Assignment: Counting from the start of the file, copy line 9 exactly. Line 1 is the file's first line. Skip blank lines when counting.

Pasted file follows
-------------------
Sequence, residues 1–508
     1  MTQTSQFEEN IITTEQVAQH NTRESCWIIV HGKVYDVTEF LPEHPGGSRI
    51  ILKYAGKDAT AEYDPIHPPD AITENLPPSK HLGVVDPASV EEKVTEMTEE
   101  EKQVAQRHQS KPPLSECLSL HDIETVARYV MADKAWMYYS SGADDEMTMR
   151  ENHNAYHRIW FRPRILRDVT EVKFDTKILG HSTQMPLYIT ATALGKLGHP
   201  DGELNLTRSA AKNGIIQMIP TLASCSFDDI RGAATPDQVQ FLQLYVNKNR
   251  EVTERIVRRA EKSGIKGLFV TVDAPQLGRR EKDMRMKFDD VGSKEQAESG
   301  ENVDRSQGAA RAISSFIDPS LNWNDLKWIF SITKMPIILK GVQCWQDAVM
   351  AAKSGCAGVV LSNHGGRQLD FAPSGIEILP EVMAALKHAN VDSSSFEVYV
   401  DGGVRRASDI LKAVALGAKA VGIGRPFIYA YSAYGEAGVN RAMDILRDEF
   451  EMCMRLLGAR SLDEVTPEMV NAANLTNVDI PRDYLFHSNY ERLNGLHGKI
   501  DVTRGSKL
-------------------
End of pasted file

   351  AAKSGCAGVV LSNHGGRQLD FAPSGIEILP EVMAALKHAN VDSSSFEVYV